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Your battery seems to be toast. If it's an AGM battery, they can fail without warning. A failed battery can also show a full charge very quickly on a charger. If you were measuring battery voltage while hooked up to the charger, you were measuring the output of the charger(14.35V), not the battery's charge. An accurate measure of battery voltage is taken after maybe 30min off the charger. The ECU isn't drawing any power when off.
 

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Discussion Starter · #15 ·
I don't have much battery fail experiences to know the full spectrum of bad battery behaviors, prior to this I had only gradually weakening-failing ones, this is new.

Then I just need to choose a brand (specs) & type (nominal CCAmps; AGM or GEL) for replacement.

Thanks again!
 

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Discussion Starter · #16 ·
Because my battery is toast as you guys stated, I'm looking for one minding the price/performance ratio.

There's not much choice, and Yuasa (the Japan made) not an option, as it's price over U$150 here, while the cheapest, locally produced about $50 - Yuasa can't be three times more battery while weight is about the same, tech itself can't be enough IMHO. I think for a Yuasa's price I would order a custom made LiFePo pack at one of the Li battery shops, but I don't want to spend that much on a battery for now.

I had Yuasa YTX14-BS in the bike which: 151×87×146mm (the latter the height).
Looks like I can upgrade it (have room) with:
YTX16-BS (158mm tall) +2Ah +20 CCAmps
YTX20CH-BS (161mm tall) +6Ah +40CCAmps
(YTZ14S also could fit, and it's a higher CCA battery than YTX14, but one less Ah.)

CCA YTX14/16/20 cheap ones (even banner or varta) 180/200/230 amps, while Yuasa would be 200/230/270. But if I read correctly int the forum, the starter draws only about 90 amps, so even the cheap ones should have enough juice.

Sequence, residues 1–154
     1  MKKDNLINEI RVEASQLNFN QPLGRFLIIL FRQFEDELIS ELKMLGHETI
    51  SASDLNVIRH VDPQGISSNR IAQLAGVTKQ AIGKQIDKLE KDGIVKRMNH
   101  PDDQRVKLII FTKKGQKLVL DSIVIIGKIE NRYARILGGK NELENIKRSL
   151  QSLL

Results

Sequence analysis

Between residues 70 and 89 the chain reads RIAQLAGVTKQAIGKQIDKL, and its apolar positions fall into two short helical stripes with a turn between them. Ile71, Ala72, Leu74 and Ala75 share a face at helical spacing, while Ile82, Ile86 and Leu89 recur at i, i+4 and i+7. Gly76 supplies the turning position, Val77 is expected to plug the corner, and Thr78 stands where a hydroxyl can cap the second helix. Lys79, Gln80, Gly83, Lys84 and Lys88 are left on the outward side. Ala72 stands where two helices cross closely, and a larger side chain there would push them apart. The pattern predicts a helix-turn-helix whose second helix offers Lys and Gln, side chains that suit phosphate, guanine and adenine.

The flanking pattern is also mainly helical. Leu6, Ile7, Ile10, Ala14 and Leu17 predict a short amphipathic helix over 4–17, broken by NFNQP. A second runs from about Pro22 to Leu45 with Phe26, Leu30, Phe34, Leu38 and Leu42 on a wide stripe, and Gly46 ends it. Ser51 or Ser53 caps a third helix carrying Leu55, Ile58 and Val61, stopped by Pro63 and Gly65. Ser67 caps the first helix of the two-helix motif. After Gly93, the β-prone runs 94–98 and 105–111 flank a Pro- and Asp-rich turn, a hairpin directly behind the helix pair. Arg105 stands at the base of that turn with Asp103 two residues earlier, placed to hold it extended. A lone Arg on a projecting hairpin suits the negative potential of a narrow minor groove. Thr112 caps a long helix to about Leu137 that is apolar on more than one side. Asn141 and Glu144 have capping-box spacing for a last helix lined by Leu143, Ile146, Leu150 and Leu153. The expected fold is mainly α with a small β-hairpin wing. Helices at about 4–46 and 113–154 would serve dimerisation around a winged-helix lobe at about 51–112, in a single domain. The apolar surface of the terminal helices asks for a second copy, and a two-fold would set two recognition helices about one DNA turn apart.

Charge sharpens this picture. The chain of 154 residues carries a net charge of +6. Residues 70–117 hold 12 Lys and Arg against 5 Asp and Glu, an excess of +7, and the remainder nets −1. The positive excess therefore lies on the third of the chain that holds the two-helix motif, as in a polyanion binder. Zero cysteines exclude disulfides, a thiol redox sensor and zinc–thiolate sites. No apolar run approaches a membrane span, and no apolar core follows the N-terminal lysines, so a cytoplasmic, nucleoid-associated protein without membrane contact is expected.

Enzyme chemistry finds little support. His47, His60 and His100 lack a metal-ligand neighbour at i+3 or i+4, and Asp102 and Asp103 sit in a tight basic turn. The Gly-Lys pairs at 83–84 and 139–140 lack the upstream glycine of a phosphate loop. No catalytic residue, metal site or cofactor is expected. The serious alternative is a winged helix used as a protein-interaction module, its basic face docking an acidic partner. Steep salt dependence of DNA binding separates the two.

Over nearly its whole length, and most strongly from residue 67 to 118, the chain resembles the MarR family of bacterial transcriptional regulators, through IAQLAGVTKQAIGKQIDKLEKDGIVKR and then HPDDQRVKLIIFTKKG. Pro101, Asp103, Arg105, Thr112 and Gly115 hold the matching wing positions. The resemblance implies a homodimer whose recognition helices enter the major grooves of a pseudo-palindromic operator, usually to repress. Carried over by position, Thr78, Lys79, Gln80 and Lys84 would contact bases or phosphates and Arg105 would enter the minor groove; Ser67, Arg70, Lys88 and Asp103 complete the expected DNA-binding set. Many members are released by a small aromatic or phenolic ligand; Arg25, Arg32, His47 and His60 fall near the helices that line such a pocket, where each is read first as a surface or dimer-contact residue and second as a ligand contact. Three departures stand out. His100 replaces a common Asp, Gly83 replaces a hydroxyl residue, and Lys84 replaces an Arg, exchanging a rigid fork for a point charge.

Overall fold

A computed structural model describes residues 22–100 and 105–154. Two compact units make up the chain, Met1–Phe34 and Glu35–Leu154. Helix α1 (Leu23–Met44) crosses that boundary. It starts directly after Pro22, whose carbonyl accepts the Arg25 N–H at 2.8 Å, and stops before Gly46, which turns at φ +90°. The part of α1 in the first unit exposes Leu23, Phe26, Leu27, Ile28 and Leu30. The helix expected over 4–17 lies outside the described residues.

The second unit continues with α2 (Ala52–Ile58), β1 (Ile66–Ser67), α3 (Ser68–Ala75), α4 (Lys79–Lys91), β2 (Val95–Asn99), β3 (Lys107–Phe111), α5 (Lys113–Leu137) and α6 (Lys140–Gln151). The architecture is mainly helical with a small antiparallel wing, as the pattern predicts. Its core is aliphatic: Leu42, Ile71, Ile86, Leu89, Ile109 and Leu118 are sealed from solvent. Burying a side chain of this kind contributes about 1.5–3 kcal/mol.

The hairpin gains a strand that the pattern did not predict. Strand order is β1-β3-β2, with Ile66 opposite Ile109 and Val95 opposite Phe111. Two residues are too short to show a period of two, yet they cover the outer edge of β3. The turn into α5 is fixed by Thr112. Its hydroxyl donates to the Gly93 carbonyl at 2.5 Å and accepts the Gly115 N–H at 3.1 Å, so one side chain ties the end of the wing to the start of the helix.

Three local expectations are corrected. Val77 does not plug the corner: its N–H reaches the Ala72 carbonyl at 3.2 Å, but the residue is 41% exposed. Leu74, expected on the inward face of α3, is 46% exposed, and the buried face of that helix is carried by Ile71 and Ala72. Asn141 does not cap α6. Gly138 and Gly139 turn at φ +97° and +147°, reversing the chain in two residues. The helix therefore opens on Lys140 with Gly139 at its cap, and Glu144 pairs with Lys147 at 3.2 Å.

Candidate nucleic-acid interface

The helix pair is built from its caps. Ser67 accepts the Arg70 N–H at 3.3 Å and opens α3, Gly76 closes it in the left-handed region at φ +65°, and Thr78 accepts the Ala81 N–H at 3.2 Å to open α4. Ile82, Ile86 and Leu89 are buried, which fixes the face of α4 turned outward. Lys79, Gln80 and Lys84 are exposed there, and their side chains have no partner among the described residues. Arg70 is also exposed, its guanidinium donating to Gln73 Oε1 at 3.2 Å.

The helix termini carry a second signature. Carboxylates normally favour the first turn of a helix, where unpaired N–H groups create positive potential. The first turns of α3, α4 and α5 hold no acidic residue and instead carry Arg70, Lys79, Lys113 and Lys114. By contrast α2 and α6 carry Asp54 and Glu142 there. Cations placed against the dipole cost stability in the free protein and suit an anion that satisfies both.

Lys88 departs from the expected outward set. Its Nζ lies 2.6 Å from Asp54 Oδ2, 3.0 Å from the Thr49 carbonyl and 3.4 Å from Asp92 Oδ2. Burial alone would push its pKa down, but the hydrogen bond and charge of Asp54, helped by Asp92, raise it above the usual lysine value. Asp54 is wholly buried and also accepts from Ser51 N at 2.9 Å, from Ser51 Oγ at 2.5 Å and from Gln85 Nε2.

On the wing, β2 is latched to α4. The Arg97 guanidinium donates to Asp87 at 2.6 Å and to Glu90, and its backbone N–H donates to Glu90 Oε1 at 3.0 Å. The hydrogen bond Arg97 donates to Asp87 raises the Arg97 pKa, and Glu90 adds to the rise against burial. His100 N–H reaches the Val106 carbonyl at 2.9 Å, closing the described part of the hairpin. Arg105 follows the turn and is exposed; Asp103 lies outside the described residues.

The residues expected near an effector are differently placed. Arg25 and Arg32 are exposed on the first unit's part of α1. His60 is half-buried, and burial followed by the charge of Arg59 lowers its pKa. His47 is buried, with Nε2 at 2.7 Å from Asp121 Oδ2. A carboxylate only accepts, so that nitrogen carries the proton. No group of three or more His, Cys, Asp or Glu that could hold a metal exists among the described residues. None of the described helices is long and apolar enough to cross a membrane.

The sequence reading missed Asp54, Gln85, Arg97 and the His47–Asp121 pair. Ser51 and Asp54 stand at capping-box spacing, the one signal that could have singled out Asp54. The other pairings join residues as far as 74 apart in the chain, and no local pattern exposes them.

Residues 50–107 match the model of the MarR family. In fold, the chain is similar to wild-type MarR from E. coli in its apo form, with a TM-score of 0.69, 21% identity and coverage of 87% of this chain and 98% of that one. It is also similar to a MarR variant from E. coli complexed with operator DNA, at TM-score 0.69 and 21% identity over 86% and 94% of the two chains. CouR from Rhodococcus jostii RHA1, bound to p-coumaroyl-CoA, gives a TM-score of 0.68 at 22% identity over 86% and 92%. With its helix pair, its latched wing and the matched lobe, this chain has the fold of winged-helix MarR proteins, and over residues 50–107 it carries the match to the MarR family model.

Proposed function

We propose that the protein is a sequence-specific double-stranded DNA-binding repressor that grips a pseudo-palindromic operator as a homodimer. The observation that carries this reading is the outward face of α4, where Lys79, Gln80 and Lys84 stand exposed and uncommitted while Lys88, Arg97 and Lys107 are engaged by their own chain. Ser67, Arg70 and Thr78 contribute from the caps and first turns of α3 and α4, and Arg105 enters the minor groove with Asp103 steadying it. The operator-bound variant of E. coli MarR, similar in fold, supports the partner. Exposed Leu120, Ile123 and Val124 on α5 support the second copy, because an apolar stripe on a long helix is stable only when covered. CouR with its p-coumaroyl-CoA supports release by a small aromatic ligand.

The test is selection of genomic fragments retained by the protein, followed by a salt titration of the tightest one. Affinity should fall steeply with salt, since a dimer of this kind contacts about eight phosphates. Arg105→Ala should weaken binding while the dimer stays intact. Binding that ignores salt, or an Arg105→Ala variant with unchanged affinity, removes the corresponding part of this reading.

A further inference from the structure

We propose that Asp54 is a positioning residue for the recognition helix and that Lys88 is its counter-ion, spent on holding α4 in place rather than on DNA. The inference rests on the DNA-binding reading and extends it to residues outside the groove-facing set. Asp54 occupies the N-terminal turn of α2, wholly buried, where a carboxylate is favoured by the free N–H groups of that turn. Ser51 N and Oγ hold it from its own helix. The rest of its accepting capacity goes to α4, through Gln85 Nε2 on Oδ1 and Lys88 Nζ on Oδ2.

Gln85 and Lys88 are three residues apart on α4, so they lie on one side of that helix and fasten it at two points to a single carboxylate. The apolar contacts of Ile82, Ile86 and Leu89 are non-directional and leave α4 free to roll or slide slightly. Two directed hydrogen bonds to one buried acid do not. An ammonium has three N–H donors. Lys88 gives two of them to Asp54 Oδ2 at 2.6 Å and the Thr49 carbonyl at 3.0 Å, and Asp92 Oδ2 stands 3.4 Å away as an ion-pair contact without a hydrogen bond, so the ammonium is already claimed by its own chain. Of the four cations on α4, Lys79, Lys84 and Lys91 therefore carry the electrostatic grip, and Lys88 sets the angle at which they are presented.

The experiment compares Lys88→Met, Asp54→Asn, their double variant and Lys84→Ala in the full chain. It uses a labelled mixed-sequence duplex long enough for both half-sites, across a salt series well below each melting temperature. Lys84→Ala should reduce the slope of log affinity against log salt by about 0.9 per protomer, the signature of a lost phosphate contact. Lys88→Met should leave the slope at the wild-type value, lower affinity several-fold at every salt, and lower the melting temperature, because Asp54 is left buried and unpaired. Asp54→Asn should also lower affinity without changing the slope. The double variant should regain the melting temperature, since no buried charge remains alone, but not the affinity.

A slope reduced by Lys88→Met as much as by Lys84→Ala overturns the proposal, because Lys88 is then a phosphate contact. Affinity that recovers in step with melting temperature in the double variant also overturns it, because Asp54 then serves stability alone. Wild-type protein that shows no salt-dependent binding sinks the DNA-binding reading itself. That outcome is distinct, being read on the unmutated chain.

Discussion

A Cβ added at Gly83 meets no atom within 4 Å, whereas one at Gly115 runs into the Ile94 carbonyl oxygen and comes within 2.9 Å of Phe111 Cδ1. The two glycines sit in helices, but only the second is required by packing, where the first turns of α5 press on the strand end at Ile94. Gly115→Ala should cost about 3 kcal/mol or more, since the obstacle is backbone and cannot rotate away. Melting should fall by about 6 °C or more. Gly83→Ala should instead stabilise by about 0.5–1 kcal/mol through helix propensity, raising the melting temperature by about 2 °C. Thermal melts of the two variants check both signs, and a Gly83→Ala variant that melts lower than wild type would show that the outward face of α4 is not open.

I think I'll go with the YTX20CH, as even if the bike won't charge it fully (short trips, etc.), as it will be charged in the garage with a tender.
 

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Discussion Starter · #17 ·
Update /epilogue/.
Because there's not much choice of battery brands, I've dropped the upgrade (Ah-wise), and bought an Exide (still in the box, I will wet fill it next week, when I will swap the cage to the bike). It's a dry filled AGM.

I've read some about batteries because of this, lead acid (wet,AGM, gel), Lithium, diy LiFePo4, supercapacitors, etc.The latter is the most interesting for me, on youtube I found some videos that with a "boost pack" (capacitors) someone easily started his car, even after 2-3 days. Interesting, like the LiFePo4.

About the old Yuasa:
Because I had nothing to lose, opened it - but at the wrong place: at the valve, not at the rubber filling cap - and I could put 150+ ml (150cm3) of distilled water into it. So, I think, that maintenance free = do not open kind could 'live' longer if the water would not evaporate from it slowly...
I'm experimenting with it just to feed my curiosity: (over)filled it water (I couldn't see when is enough), then I put the charger on it. No wonder why it popped off the small rubber caps I thought it will do. Then yesterday, when I gone to the garage again (not in the same town I live in nowadays), I (have disconnected the tender-charger) connected the still not used heated grips to the battery in high mode, and left it there for about 1.5 hours. That wasn't a proper load test, but the voltage stayed above 10 volts.
(I did that earlier for about 15 minutes, after DieselGeek wrote, that seemingly good voltage, especially when the charger is just disconnected is nothing, because it is maybe just surface charge, and that time voltage went below 10 volts much shorter time.)
Now the battery is charged with recondition phase, so next time (tomorrow I think) will see how healthier the old battery become after refilled with water.